Silver linings of a Branstad candidacy

Terry Branstad is kicking off his “official” candidacy for governor today, launching a tour around the state. His campaign announced fairly strong fundraising numbers last week and just leaked an internal Republican primary poll showing Branstad leading Bob Vander Plaats by 63 percent to 18 percent.

It’s conceivable that Vander Plaats’ campaign could take off in the coming months. Right-winger Marco Rubio is now considered likely to defeat Florida Governor Charlie Crist in that state’s U.S. Senate primary, despite commanding leads Crist had in polls a few months ago. However, I assume Branstad will lock up the Republican nomination with little trouble.

Branstad will undoubtedly be a tough general-election opponent for Governor Chet Culver. The biggest hurdles for a challenger are usually name recognition, fundraising, and getting voters to imagine the challenger doing the job he’s seeking. Branstad is well-known, has done the job before, and has wealthy donors behind him. Frankly, I’d rather not have him in this race.

But my mother taught me not to focus too much on the negative. After the jump I offer some silver linings of a Branstad candidacy.  

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Year in review: Iowa politics in 2009 (part 2)

Following up on my review of news from the first half of last year, I’ve posted links to Bleeding Heartland’s coverage of Iowa politics from July through December 2009 after the jump.

Hot topics on this blog during the second half of the year included the governor’s race, the special election in Iowa House district 90, candidates announcing plans to run for the state legislature next year, the growing number of Republicans ready to challenge Representative Leonard Boswell, state budget constraints, and a scandal involving the tax credit for film-making.

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Steve King's nonsense of the week

Congressman Steve King is the guest on Iowa Public Television’s “Iowa Press” program this week. Unfortunately, it sounds like no one on the panel asked our ACORN-obsessed representative about last week’s Congressional Research Service report, which cleared ACORN of violating any federal regulations during the past five years, or about the federal court ruling that halted a Congressional ban on federal funding for ACORN.

But don’t worry, King served up plenty of nonsensical right-wing talking points yesterday. You can watch the program on Iowa Public TV this weekend, but a few highlights are after the jump.

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Revisionist history watch: Branstad budget edition

The editors of the conservative Fort Dodge Messenger are ecstatic about Terry Branstad’s gubernatorial campaign, and they got a little carried away in this Sunday editorial:

Iowa must return to a pay-as-you-go approach to budgeting. Government spending should be carefully aligned with anticipated revenues. As governor, Branstad rigorously adhered to that philosophy. He pledged it will once again become central to state budgeting if he is elected.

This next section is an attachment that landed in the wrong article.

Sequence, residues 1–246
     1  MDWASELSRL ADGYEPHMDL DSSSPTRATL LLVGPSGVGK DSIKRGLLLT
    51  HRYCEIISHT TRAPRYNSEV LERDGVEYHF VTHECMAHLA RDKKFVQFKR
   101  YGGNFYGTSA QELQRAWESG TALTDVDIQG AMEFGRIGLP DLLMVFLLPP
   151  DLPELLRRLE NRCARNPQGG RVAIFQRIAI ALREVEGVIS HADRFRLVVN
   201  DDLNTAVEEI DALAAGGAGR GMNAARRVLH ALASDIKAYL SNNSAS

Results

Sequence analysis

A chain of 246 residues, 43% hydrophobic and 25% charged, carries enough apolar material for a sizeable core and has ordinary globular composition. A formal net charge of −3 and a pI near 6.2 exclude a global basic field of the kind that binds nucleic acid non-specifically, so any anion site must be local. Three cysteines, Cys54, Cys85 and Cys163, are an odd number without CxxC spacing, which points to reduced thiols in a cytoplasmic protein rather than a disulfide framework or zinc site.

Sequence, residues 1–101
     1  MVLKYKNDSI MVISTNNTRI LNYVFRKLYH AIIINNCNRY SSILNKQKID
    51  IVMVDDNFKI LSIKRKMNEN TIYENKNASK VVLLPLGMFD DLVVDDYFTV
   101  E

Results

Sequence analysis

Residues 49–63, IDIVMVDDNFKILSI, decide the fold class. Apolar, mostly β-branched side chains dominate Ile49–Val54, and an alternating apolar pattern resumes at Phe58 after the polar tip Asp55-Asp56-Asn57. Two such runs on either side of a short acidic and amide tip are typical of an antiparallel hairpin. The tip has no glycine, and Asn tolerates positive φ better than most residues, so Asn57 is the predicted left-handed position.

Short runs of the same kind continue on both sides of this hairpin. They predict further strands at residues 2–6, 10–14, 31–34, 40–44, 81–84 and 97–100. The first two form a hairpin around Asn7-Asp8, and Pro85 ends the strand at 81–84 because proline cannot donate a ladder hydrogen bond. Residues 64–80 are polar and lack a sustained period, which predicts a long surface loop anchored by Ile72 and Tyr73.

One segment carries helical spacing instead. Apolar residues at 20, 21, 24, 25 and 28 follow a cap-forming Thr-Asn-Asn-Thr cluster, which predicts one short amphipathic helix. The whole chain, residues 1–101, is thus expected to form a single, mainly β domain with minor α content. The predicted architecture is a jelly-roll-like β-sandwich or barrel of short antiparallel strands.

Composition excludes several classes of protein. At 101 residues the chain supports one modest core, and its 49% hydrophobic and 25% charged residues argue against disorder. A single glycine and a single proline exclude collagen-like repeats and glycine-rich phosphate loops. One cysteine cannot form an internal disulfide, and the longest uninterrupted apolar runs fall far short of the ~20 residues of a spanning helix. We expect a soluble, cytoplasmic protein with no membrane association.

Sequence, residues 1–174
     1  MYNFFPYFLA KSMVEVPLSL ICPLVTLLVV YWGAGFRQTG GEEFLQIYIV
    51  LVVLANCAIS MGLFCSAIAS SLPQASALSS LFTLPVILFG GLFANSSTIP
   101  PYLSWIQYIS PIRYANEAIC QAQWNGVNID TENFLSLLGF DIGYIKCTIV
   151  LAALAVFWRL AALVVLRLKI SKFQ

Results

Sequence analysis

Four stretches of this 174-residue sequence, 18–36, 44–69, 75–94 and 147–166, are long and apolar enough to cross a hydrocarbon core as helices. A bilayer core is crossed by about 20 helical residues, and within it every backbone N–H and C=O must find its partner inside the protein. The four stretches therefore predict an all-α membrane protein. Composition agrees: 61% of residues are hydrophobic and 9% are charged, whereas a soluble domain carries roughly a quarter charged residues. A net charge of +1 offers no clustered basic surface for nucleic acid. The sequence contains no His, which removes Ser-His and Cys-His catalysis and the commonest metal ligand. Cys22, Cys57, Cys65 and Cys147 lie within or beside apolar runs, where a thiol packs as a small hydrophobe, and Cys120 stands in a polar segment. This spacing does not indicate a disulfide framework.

Who are they kidding?

Branstad’s sleight of hand on the budget was so notorious that as a three-term incumbent, he almost lost the 1994 GOP primary to Fred Grandy. That campaign centered on “the Mastercard governor” and his record of fiscal mismanagement, including keeping two sets of books to hide deficits.

As State Representative Chris Rants has noted, Branstad likes to take credit for budget reforms that were not his idea and were intended to prevent future governors from repeating his mistakes.

That’s to be expected from a politician, but I expect more reality-based commentary from newspaper editors.

By the way, did you notice how the Messenger editors suggested that Iowa is no longer doing “pay as you go” budgeting? That Republican talking point is supposed to make people believe that Democrats have borrowed money to fund budget line items. In fact, the I-JOBS state bonding program was for capital investment projects. Investors understood that distinction. That’s why the bonds were sold at lower interest rates, and the Bond Buyer daily rated I-JOBS one of the country’s top 10 best financing deals for 2009.

Even after factoring in the I-JOBS program, Iowa’s state debt per capita is low by national standards.

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Bob Vander Plaats has real talent

Like Spinal Tap’s amp that goes up to 11, Bob Vander Plaats can ratchet up the demagoguery that little bit more than the competition. While other conservatives warn against compromising the Republican Party’s core principles, Vander Plaats says Republican moderates make voters want to throw up, like Jesus when confronted with “lukewarm” followers.

While other conservatives back a constitutional amendment to ban same-sex marriage (which would take years to adopt), Vander Plaats promises to stop gays and lesbians from getting married on his first day as governor of Iowa.

While other conservatives warn against a “government takeover” of health care, Vander Plaats isn’t just against a new public health insurance plan, he wants to protect Iowans from the tyranny of federal-run Medicare and Medicaid.  

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